• April 1, 1957 Kronos premiered. It was produced by Irving Block, Louis DeWitt, Kurt Neumann, and Jack Rabin, and directed by Kurt Neumann. It starred Jeff Morrow and Barbara Lawrence. It was shown as a double feature with She Devil. Critics were mixed on it with the Variety reviewer finding much to like in it. Audience reviewers at Rotten Tomatoes give it a 44% rating.  Despite it being on both Youtube and the Internet Archive, it is still under copyright having been renewed by legal rights holders,  so a link for viewing it will not be provided as those are pirated copies.

(10) TODAY’S BIRTHDAYS.

[Compiled by Cat Eldridge.]

  • Born April 1, 1875 Edgar Wallace. Creator of King Kong, he also wrote SF including Planetoid 127, one of the first parallel Earth stories, and The Green Rust, a bioterrorism novel which was made into a silent film called The Green Terror. Critics as diverse as Orwell, Sayers and Penzler have expressed their rather vehement distaste for him.  Kindle has an impressive number of works available. (Died 1932.)
  • Born April 1, 1916 Mary, Lady Stewart (born Mary Florence Elinor Rainbow, lovely name that). Yes, you know her better as just Mary Stewart. Genre wise, she’s probably best known for her Merlin series which walks along the boundary between the historical novel and fantasy. Explicitly fantasy is her children’s novel A Walk in Wolf Wood: A Tale of Fantasy and Magic. (Died 2014.)
  • Born April 1, 1926 Anne McCaffrey. I read both the original trilogy and what’s called the Harper Hall trilogy oh so many years ago. Enjoyed them immensely. No interest in the later works she set there. And I confess that I had no idea she’d written so much other genre fiction! (Died 2011.)
  • Born April 1, 1930 Grace Lee Whitney. Yeoman Janice Rand on Star Trek. She would reach the rank of Lt. Commander in Star Trek VI: The Undiscovered Country. Folks, I just noticed that IMDB says she was only on eight episodes of Trek. It seemed like a lot more at the time. Oh, and she was in two video fanfics, Star Trek: New Voyages and Star Trek: Of Gods and Men. (Died 2015.)
  • Born April 1, 1942 Samuel R. Delany, 78. There’s no short list of recommenced works for him as everything he’s done is brilliant. That said I think I’d start off suggesting a reading of Babel- 17 and Dhalgren followed by the Return to Nevèrÿon series. I think his only Hugo win was in the Short Story category at Heicon ’70  for “Time Considered as a Helix of Semi-Precious Stones”  as published  in New Worlds, December 1968.
  • Born April 1, 1953 Barry Sonnenfeld, 67. Director of The Addams Family and its sequel Addams Family Values  (both of which I really like), the Men in Black trilogy (well, one out of three ain’t bad) and Wild Wild West. He also executive produced Lemony Snicket’s A Series of Unfortunate Events which I’ve not seen, and did the same for Men in Black: International, the recent not terribly well-received continuation of that franchise.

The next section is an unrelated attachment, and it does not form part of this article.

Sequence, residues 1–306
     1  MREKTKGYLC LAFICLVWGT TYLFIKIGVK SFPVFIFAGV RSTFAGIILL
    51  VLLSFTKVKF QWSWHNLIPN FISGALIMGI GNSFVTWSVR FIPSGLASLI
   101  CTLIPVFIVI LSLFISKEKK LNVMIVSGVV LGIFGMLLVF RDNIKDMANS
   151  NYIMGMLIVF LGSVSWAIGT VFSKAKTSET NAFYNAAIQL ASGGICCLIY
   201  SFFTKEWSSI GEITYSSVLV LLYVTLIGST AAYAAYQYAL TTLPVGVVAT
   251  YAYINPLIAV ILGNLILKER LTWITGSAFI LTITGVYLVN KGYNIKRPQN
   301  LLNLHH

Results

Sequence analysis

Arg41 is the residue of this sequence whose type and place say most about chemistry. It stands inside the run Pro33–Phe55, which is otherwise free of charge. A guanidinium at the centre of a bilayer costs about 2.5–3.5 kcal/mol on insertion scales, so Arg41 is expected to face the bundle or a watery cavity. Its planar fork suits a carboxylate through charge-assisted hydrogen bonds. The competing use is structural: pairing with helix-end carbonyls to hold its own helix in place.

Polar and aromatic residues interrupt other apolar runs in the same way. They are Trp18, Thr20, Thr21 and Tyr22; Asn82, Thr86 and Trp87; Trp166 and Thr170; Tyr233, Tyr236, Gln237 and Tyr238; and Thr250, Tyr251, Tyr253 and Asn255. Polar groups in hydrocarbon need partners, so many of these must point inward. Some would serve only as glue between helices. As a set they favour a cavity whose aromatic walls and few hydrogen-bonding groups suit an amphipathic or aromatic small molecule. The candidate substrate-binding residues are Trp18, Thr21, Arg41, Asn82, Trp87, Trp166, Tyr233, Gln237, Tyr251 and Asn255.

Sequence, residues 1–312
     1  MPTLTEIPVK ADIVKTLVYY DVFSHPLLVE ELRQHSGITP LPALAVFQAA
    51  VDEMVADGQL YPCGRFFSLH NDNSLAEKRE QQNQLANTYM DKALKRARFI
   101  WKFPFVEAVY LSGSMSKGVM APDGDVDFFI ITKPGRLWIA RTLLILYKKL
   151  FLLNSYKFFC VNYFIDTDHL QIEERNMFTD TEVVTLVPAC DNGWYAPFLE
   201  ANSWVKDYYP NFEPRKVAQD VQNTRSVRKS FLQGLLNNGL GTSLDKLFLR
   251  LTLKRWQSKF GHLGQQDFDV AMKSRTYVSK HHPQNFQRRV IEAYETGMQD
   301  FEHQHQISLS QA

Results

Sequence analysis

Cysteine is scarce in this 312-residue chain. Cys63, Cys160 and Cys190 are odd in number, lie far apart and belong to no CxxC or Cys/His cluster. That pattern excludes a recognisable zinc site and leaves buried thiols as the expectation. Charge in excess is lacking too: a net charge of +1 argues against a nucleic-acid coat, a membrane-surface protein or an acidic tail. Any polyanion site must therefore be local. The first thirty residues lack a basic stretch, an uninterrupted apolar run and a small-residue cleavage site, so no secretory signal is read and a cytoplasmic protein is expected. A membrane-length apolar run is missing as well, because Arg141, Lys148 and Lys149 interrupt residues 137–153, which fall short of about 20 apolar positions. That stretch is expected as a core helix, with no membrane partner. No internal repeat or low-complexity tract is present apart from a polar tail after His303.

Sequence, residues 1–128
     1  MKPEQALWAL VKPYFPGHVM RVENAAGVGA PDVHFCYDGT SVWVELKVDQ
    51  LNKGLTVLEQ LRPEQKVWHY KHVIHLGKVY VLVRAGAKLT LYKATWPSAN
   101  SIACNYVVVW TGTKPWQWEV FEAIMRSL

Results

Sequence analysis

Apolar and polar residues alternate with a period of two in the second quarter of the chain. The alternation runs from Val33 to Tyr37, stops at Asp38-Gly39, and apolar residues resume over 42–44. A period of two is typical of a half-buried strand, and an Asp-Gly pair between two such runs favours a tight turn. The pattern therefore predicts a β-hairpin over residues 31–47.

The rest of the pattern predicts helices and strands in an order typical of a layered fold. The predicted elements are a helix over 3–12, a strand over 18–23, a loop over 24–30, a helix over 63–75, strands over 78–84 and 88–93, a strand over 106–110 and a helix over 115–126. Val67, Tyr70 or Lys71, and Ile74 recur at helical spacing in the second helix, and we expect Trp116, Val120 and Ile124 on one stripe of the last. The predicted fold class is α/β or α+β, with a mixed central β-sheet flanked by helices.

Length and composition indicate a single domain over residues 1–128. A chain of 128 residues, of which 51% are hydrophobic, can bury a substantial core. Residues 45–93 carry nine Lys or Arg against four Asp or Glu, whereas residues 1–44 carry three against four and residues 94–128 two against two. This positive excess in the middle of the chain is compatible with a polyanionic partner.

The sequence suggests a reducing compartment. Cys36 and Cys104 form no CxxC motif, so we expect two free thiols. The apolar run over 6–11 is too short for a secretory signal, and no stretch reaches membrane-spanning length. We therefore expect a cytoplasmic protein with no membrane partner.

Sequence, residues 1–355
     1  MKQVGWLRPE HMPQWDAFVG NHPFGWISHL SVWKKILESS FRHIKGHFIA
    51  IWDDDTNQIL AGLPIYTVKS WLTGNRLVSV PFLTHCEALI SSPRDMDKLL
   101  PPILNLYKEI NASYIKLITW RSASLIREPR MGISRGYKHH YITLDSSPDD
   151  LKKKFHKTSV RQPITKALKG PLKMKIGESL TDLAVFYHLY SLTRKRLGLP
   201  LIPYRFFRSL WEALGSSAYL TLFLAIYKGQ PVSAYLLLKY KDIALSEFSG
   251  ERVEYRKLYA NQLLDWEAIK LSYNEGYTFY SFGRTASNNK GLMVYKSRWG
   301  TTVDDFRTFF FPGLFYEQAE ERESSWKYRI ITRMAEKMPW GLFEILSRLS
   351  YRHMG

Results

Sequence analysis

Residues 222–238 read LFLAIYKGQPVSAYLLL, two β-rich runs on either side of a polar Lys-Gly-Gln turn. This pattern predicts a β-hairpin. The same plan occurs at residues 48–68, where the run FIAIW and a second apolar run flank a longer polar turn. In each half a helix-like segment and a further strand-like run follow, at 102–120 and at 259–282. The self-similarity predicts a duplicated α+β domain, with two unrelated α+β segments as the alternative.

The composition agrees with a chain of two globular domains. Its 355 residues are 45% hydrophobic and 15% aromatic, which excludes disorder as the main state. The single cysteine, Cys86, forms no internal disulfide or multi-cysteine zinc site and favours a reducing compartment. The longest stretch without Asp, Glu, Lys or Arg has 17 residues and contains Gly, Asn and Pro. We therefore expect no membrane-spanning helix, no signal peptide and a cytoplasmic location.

• Born April 1, 1960 Michael Praed, 60. Robin of Loxley on Robin of Sherwood which no doubt is one of the finest genre series ever done of a fantasy nature. He also played Phileas Fogg on The Secret Adventures of Jules Verne, an amazing series that I think ever got released on DVD. 
  • Born April 1, 1963 James Robinson, 57. Writer, both comics and film. Some of his best-known comics are the series centered on the Justice Society of America, in particular the Starman character he co-created with Tony Harris. His Starman series is without doubt some of the finest work ever done in the comics field. His screenwriting not so much. Remember The League of Extraordinary Gentlemen? Well that’s him. 
  • Born April 1, 1970 Brad Meltzer, 50. I’m singling him for his work as a writer at DC including the still controversial Identity Crisis miniseries and his superb story in the Green Arrow series from issues 16 to 21 starting in 2002.  He and artist Gene Ha received an Eisner Award for Best Single Issue (or One-Shot) for their work on issue #11 of Justice League of America series. 

(11) KYLE REMEMBERED. The First Fandom Annual, 2019 David A. Kyle: A Life Of Science Fiction Ideas And Dreams is available.  A centenary tribute to David A. Kyle, the annual is edited by John L. Coker III and Jon D. Swartz. Includes:

  • Foreword by Forrest J Ackerman
  • Introduction by Frederik Pohl
  • Afterword by Robert A. Madle
  • Bibliography by Christopher M. O’Brien

(128) pages in two volumes. Limited to 26 lettered copies. Laser-printed on 28 # paper. Photos and illustrations, 8½ x 11. Gloss color covers, booklet-stapled. Each set has a label signed by Kyle. To reserve a copy: jlcoker3@bellsouth.net. Order your set by sending check or M.O. for $60 (includes packing, priority postage and insurance) payable to John L. Coker III at 4813 Lighthouse Road, Orlando, FL – 32808.

(12) ABOVE THE SKY. Galactic Journey’s Gideon Marcus has a book out. His Journey Press has released Kitra — a YA Space Adventure.

Nineteen-year-old Kitra Yilmaz dreams of traveling the galaxy like her Ambassador mother. But soaring in her glider is the closest she can get to touching the stars — until she stakes her inheritance on a salvage Navy spaceship.